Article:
How Much Car Can I Afford?

How much car can you comfortably afford to buy?

Car buying guides – this one included – always stress the importance of setting a budget before you start shopping. The reason is that you’re likely to leave the dealership without a hard limit, having spent much more than you wanted. You may even have spent more than you can afford. But how do you decide on a boundary?

Once you know how much you can afford for a monthly car payment, you can figure out how much you can borrow for a car loan. With this information, you can set a reasonable target price and finally respond to the question, “What car can I afford?”

A Better Question to Ask Yourself

If you’re a prudent saver, you’ll be paying cash, and you don’t intend to part with more than you have squirreled away. Most car buyers lack discipline, though, so dealerships began setting up financing for car buyers.

When you finance, you’re borrowing money and paying it back over time. Buying a car becomes easier but figuring out what you can afford is much more challenging. In fact, rather than asking, “How much car can I afford?” you should be asking yourself, “How long will I want to keep my next vehicle?” Here’s why.

Reducing the Monthly Payments

Whether leasing or buying, the tendency is to consider the monthly payment. The problem is that it’s straightforward to reduce the monthly outgoing. All you need to do is extend the term of the loan or lease. To ignore the impact of interest for a moment, if a three-year loan will cost $700 per month, spreading it over six years cuts it to $350 per month.

If you’re wondering who takes out a six-year car loan, the answer is lots of people. (Perhaps they don’t take advice from!)

An article from June 2016 in Forbes magazine reported car loan data from Experian. This said, the average amount financed for a new car was $32,000, the average monthly payment was $503, and the repayment term was 68 months or almost seven years.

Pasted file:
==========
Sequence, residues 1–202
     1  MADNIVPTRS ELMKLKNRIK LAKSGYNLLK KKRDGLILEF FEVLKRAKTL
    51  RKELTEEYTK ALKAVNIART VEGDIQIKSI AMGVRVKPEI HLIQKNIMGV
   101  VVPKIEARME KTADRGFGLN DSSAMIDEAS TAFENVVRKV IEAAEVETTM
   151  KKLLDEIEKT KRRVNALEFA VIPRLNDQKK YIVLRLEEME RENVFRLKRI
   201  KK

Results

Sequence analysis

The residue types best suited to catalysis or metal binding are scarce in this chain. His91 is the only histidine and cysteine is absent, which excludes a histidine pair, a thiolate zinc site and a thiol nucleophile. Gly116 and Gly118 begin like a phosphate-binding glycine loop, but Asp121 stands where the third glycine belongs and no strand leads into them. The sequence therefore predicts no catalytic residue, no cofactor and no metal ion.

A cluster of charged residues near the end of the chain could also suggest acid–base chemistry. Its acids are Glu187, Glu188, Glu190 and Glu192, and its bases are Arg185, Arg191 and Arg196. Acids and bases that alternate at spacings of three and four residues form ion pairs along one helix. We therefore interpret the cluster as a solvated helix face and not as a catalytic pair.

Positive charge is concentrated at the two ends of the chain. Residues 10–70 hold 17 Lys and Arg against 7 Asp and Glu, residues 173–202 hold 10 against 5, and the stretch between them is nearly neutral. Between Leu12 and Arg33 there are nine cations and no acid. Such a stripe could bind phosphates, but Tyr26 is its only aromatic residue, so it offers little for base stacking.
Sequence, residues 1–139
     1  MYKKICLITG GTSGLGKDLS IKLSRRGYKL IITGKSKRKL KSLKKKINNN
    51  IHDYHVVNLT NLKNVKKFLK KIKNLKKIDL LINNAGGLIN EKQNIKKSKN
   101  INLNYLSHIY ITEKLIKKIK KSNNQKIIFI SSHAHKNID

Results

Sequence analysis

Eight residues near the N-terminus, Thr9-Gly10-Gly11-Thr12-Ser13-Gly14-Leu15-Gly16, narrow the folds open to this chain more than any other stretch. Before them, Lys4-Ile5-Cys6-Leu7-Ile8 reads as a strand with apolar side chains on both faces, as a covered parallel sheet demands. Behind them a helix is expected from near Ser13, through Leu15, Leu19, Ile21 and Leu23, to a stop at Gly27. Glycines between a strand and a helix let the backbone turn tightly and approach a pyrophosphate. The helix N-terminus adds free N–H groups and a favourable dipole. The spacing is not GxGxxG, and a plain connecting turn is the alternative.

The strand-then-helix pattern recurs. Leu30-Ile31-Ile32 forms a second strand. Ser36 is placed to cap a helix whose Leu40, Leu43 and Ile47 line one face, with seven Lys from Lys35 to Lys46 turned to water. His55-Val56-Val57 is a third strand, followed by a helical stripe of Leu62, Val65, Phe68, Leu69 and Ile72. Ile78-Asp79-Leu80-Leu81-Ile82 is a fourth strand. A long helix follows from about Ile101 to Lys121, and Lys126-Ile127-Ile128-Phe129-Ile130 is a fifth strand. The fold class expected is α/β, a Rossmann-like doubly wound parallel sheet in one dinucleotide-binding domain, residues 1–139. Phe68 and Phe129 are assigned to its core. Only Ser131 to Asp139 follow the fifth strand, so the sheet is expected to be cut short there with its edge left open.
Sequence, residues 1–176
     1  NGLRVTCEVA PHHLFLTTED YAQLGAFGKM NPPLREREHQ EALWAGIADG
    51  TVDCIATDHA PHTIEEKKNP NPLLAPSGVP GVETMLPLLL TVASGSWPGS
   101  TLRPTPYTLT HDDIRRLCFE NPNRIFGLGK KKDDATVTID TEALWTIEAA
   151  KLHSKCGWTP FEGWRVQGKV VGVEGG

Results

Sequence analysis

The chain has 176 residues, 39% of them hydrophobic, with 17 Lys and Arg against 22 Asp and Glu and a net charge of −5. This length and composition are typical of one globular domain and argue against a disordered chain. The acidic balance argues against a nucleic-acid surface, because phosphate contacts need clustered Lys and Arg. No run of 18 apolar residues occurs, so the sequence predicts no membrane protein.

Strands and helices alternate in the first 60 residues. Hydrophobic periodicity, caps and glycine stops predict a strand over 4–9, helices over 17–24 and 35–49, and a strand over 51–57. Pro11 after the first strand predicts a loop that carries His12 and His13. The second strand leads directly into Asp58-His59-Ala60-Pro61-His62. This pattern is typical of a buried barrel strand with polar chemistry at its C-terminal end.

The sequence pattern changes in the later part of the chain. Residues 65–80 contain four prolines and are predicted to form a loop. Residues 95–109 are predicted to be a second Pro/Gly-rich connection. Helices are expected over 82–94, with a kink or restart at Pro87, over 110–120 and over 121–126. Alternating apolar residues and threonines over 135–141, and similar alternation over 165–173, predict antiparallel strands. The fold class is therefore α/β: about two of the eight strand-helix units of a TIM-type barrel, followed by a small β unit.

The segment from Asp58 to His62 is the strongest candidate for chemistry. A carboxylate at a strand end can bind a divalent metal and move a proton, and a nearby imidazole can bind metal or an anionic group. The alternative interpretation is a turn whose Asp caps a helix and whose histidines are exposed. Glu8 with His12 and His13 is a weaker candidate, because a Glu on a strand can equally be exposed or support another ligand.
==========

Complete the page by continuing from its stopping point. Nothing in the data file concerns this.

The Downside of Lower Monthly Payments

Two reasons are why spreading a loan out over a more extended period isn’t a good idea. First, you’ll be paying a lot more interest, and even if you double the loan period, the monthly payments won’t halve. Second, you’ll be driving that car for the next six years. If you love it, that might not be a problem, but what if things change? For example:

Unforeseen future issues:

  • Gas prices jump, and you need something more economical.
  • Your family circumstances alter, and you need a larger car or want something smaller.
  • You want a vehicle with new technology that wasn’t available when you bought yours.
  • Reliability starts to become a problem, and you’re spending more and more on repairs.

This last point – reliability – can be a huge issue. New cars come with warranties of three years, sometimes longer, but after that, you’re on the hook if anything goes wrong. In addition, the likelihood of expensive repairs or maintenance rises quickly as a vehicle ages. For example, there will be new shock absorbers and maybe a brake fluid flush or two.

Get Out of a Loan Early

A car salesperson might tell you not to worry about a longer-term loan because you can get out of it early. That’s true, but it’s not relatively that easy. Two things can happen:

Possible issues trading your car early:

  1. The remaining loan balance doesn’t just go away. Instead, it gets rolled into the next loan, so you’re paying it off over a longer-term and paying even more interest.
  2. If you try to get out of a six-year loan after just two or three years, you’ll likely be “underwater” or “upside-down,” to use some car salesman jargon. That means you’ll owe more than the car is worth, so selling it won’t raise enough cash to pay off the outstanding balance.